I put paid medical bills in one big folder where I keep everything else. I keep 10 years of these. I purge older folders occasionally. But I go through them carefully to keep things I want to keep.
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Old 08-18-2017, 10:11 AM
 
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It your legal right to receive a copy of all medical records and lab tests,etc. These are dated and a folder set up by date and cross reference to specific medical condition.
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Old 08-18-2017, 10:39 AM
 
Location: Des Moines Metro
5,055 posts, read 6,032,135 times
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Quote:
Originally Posted by jrkliny View Post
Medical records are now available electronically from almost every provider. Trying to maintain paper files is obsolete. Merely download and back up electronic files.
Bad idea! Most people who don't regularly work with electronic files haven't a clue how to maintain them so they aren't lost and can be read on a variety of systems and formats. For example, I had txt files on a thumb drive that couldn't be read, so I had to make all paper copies anyway. I would've switched providers, but I'm in Iowa and somewhat limited to my in-network options.

I now do both: I have a notebook for providers who aren't totally electronic and a thumb drive.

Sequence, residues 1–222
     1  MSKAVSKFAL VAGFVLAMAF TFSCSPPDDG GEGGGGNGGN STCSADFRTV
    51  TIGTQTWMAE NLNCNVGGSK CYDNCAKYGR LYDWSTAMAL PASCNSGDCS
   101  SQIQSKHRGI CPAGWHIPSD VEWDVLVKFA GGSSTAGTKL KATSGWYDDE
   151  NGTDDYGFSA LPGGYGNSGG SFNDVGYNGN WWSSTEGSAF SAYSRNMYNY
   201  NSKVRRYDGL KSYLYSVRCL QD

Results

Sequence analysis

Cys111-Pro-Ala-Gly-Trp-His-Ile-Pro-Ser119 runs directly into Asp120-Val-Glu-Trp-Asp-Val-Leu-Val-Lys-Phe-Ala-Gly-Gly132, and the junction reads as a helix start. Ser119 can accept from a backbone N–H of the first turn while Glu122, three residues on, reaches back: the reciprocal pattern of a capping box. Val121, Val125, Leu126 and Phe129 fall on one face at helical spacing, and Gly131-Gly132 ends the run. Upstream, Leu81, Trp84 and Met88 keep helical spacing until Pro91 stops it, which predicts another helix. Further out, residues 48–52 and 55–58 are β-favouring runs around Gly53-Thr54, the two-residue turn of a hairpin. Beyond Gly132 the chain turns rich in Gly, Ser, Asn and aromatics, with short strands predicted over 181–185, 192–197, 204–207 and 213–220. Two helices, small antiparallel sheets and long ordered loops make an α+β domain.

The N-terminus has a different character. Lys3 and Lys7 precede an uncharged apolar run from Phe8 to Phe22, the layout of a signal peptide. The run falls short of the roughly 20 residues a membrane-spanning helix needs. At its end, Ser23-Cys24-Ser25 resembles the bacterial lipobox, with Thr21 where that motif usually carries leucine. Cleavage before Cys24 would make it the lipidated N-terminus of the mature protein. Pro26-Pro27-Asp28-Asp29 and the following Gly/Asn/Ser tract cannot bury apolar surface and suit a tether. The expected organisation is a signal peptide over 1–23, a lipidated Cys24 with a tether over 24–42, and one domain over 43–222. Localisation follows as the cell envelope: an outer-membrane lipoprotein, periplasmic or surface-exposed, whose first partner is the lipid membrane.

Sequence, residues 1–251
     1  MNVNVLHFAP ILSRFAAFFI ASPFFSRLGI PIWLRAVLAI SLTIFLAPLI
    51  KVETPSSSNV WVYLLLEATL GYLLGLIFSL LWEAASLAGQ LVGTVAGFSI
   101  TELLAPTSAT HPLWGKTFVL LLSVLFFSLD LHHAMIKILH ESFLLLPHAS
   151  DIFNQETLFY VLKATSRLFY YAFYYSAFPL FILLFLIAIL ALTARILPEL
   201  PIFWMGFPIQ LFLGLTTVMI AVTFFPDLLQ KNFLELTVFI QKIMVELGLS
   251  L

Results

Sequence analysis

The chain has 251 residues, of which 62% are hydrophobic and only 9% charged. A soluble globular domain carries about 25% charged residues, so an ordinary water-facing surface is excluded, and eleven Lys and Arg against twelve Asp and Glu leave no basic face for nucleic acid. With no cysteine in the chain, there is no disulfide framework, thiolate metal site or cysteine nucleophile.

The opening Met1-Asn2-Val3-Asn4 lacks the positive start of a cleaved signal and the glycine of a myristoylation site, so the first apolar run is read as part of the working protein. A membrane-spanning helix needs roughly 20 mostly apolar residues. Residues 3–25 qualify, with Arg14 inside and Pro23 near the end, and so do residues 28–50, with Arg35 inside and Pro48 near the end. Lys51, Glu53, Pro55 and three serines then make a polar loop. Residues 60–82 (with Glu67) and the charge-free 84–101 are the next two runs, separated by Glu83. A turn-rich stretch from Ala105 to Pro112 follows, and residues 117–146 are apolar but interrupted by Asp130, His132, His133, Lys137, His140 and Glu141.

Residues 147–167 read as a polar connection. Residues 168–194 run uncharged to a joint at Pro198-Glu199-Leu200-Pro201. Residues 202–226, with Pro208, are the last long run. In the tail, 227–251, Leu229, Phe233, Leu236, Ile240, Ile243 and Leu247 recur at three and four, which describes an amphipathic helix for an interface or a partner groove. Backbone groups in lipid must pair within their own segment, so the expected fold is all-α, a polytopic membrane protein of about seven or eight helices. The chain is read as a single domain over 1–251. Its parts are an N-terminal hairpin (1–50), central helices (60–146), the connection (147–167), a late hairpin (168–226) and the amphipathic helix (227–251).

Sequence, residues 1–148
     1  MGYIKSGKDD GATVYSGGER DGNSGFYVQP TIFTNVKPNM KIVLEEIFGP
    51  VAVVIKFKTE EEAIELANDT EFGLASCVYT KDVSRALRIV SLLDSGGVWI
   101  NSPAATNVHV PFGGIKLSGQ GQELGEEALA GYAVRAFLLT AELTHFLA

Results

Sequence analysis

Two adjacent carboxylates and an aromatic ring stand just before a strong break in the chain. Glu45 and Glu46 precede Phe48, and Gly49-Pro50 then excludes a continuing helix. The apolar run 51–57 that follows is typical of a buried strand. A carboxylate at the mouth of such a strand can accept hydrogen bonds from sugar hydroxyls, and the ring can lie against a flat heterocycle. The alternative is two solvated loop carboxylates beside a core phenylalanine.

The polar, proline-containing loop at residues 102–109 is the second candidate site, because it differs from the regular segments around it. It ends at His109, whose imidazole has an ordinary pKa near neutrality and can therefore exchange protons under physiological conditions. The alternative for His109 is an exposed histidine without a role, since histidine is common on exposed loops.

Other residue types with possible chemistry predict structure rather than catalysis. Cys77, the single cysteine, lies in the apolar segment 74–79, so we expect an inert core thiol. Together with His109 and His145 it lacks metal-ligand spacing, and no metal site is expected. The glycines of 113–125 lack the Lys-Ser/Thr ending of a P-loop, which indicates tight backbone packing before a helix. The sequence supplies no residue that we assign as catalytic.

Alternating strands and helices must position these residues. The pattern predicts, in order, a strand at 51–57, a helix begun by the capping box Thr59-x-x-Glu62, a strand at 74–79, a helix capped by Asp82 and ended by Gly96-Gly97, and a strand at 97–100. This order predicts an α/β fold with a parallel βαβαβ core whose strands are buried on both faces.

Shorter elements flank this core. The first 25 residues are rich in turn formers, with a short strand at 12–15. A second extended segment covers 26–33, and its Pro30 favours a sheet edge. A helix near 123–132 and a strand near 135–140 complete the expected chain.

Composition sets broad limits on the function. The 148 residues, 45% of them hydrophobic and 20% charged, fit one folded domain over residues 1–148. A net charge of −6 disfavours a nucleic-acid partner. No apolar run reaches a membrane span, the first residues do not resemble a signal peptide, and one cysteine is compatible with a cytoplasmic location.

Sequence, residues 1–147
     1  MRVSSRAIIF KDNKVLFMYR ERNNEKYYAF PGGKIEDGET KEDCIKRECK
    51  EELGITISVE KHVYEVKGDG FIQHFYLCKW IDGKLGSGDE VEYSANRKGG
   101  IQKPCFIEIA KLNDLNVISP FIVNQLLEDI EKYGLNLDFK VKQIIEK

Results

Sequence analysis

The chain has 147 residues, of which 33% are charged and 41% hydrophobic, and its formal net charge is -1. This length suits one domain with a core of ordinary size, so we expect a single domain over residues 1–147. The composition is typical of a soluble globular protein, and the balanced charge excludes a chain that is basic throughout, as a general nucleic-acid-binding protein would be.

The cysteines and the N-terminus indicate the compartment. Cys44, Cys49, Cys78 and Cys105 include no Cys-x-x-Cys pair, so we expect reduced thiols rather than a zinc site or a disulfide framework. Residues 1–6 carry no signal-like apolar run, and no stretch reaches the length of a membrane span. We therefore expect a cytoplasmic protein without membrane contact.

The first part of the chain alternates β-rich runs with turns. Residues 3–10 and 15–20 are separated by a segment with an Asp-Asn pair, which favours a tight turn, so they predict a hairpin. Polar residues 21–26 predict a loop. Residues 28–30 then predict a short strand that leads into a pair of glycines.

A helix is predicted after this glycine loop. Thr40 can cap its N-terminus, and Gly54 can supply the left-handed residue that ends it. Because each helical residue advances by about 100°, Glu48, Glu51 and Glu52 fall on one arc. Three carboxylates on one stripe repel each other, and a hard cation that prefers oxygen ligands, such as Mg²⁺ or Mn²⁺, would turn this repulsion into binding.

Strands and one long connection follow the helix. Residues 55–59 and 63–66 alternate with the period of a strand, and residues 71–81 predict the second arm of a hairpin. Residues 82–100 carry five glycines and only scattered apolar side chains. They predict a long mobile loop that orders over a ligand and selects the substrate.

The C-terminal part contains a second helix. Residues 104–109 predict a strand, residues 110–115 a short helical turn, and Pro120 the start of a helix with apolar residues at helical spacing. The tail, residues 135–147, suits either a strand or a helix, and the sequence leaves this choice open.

I'm not putting anything in the cloud! It's not private.
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Old 08-18-2017, 10:44 AM
 
Location: Middle of the ocean
31,729 posts, read 20,017,197 times
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Why do you keep records? My doctor keeps my records and I ask for a copy of my file if I'm going to change doctors. I ask for a copy of my labs to be sent to my house just because I feel better being able to compare, DH has online access to his.

I once needed an xray from 5 years earlier, and I just called the hospital and got a copy.

I'm curious because I think medical is a little different here, but we will be moving in 3 years. Medical is part of DH's pension, so we won't need to change providers.
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Old 08-18-2017, 11:31 AM